And some I like and some I don’t. The girls I like have warm snakes dancing around their faces, snakes that smile from laying in the sun. Snakes who want to chat, and sing and drink gin. And the bad girls? well, their snakes are pencil thin, with teeth of rusty nails. They snip and tear and whisper secret poisoned berries with bitter pips within.
Tuesday, October 30, 2007
Thursday, October 25, 2007
I used to list words - no meaning needed - just for their sound or the patterns they made on the page - like a child builds a tower of blocks only to knock it down and start again
its not that I’m ungrateful or unable to appreciate beauty - but its true that the carnations fascinate me as much, if not more, now they are dead - crisp rustles as I touch and the smell of deep dark dank forgotten bottoms of lost ponds - faded relics of who they once were with weird white worms emerging from one - almost as if it was trying to eat itself, one last brittle supper
hands wrinkled by water - as if my fingertips are trying to fold in on themselves and disappear - as if they want to resign their uniqueness and keep me hidden
woodpigeons walk lines back and forth across our overgrown lawn - like little forensic men - careful footsteps - heads up, heads down - searching for evidence - tasty treats hidden between stemmed green
Tuesday, October 16, 2007
Friday, October 12, 2007
And those clever people who live inside the computer have used their digital imagination to spin a spell of zeros and ones. To show us how someone might now look - if we turned a corner and found them back from the dead, standing, smiling in a patch of sunlight, dug up from the bottom of the lost property box.
It’s a game we can all play with our missing. It’s make believe and re-draw the picture how it might have been. It’s fold the corners and crumple the edges, fade the colours and bruise belief. It’s smudge the smile and place coffee cup rings around the eyes.
And however well you play, it all turns out the same - a thumbnail image of someone you never knew - who day by day grows to look a lot like you.
Sunday, October 07, 2007
Last Friday, walking home from the supermarket, down the ramp into the subway under the big road. An onion overtook us. We stopped for a moment, slightly stunned. And then gave chase. It was our onion you see, fallen through a hole in our carrier bag. We only caught up with it at the bottom of the ramp, once it had stopped its escape attempt. These days even the vegetables outrun us.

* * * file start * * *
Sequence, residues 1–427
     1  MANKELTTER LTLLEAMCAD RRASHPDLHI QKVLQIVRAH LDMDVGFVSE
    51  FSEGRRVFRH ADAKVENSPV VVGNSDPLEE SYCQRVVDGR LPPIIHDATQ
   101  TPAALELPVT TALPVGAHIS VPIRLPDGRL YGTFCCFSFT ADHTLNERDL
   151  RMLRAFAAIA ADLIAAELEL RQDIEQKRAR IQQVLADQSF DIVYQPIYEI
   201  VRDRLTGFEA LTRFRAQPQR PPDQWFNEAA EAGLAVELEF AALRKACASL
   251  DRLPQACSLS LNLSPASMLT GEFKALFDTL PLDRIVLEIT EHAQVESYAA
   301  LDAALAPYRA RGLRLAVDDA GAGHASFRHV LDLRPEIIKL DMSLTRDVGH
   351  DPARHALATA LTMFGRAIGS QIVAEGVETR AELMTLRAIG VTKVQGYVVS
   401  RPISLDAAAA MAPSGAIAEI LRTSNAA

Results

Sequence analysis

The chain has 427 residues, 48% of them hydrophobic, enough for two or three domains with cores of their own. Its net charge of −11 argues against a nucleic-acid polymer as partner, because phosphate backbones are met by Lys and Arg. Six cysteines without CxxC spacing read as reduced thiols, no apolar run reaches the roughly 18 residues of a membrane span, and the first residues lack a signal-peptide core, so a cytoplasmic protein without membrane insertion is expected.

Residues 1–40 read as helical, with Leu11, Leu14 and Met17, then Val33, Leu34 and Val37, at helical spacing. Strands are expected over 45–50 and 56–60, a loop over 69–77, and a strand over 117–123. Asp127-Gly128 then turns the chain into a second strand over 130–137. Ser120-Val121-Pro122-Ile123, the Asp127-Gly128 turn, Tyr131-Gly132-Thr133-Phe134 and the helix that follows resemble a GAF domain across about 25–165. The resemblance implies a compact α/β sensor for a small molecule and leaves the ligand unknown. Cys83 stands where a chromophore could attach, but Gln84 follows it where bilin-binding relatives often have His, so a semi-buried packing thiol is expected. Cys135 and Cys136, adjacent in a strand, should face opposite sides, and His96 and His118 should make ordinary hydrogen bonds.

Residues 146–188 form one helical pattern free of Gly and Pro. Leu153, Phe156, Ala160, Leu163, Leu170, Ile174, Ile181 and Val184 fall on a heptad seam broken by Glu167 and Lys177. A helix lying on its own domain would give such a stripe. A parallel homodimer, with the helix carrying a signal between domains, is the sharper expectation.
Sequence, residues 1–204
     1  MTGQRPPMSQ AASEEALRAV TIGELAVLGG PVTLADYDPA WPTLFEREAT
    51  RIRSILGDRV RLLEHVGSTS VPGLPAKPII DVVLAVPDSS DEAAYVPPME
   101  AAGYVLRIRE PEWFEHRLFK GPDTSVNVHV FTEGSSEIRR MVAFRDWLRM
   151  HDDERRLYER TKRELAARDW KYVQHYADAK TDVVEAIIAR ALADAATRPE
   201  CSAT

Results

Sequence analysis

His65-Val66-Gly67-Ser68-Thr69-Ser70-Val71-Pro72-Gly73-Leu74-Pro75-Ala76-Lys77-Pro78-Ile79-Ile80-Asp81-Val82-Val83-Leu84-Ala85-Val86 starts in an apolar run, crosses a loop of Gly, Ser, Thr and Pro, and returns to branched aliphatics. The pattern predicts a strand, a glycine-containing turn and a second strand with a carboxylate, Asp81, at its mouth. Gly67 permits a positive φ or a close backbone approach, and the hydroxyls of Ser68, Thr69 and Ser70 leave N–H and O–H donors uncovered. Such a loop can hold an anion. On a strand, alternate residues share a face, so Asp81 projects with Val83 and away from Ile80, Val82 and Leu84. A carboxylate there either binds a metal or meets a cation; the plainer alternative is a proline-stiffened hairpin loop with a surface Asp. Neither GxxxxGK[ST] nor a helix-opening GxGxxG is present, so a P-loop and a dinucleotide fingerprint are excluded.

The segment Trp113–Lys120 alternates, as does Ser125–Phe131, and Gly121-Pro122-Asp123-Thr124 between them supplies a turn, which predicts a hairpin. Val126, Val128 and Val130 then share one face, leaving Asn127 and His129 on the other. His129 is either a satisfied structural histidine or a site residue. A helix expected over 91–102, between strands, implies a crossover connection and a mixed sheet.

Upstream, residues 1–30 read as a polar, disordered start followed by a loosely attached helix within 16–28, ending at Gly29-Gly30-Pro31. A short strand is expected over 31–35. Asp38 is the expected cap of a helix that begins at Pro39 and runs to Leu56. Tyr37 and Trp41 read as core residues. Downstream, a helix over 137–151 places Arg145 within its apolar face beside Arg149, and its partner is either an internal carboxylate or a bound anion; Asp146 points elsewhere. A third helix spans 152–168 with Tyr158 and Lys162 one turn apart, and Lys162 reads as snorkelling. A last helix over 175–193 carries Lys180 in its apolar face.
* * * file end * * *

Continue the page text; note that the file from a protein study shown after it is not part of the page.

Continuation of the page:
Two years on and I’m still writing here, still chasing the impossible - and you are still reading and sometimes chasing with me. For that I thank you.
Wednesday, October 03, 2007
When we look to the south we face the sea. We cant quite see it, but we know it’s there - always ready and waiting for us. Sometimes snoring, sometimes sighing, sometimes sad. But just there, behind the line of houses, behind the line of trees.
But today there’s a wrenching and a ripping in the air, and you’re not here to hold my hand as they tear apart our view. As the nameless men uproot the little trees, like milk teeth with no-one to put them under a pillow, no-one to pay 50p. I see multiple green tops and tips sliding past at unlikely angles. I see bits of old fence flying through the air and soil hefted higher than it wants to go. I see a mean little digger tear apart the decaying shed.
And despite this sudden and most welcome burst of October sun (surely a sign from the sky that you’re on the way home), despite the new window they are determined to cut between here and there - I can sense the sea pulling further back. A yard or two more distant from me, from you.
Monday, October 01, 2007
A seaside town closing down - kiosks boarded, coaches going going gone - children back in the classroom. Empty shelters with no scraps for the opportunistic onlooker - and the only one smiling for a snapshot, a young gull perched high and bemused over a stone clad fruit basket.
She taught me to always ask the birds permission before you take their photo - otherwise they will fly away just as you hit the button. I think its connected to the way that people used to believe that early photographs stole a piece of your soul - and the birds haven’t quite given up on this idea.
A place of shadows and stains and secret corners to hide from the wind - to huddle away with a book and a pen and a bagful of recycled words. I’m at home among the older faces, the creases and the frowns - taking time to gather dust and watch the waves come and go and return again. To catch scraps of conversation as they drift by - talk of ‘gas masks and all that’ as the old man clutches his tobacco pouch to his chest, like a long lost grandchild - and she says how ‘he never had a day of ill health in his whole life’ and you just know this is posthumous praise.
This is where I live - just another seaside town, except that this is my seaside town - not quite where I was born but most likely, hopefully, where I will die, or at least drift away. Good on the bright days but just as much mine on the grey.